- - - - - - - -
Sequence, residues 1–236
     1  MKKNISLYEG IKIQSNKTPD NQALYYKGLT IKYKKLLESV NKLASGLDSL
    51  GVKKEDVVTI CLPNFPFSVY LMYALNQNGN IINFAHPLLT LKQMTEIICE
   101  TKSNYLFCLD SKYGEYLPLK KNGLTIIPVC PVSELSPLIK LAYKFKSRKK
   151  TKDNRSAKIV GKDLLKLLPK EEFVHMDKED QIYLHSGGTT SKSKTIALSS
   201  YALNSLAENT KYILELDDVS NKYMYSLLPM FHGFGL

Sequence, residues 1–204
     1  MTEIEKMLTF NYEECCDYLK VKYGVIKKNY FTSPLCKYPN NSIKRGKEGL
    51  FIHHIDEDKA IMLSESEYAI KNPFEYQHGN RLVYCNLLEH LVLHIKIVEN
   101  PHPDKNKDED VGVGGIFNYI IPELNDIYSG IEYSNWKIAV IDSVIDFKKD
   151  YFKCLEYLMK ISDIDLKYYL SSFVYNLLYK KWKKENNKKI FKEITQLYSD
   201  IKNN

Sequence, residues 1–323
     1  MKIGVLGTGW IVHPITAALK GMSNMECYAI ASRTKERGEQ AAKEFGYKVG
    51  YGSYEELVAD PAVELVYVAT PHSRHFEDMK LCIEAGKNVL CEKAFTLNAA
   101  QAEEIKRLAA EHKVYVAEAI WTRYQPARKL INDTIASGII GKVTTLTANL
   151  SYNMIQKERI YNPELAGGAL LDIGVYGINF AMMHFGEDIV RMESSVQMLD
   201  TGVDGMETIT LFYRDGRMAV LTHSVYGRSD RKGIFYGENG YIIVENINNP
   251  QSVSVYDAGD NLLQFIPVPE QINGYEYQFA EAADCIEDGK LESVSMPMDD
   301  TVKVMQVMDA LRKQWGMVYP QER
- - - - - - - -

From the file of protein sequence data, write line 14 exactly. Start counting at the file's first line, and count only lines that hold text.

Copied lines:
     1  MKIGVLGTGW IVHPITAALK GMSNMECYAI ASRTKERGEQ AAKEFGYKVG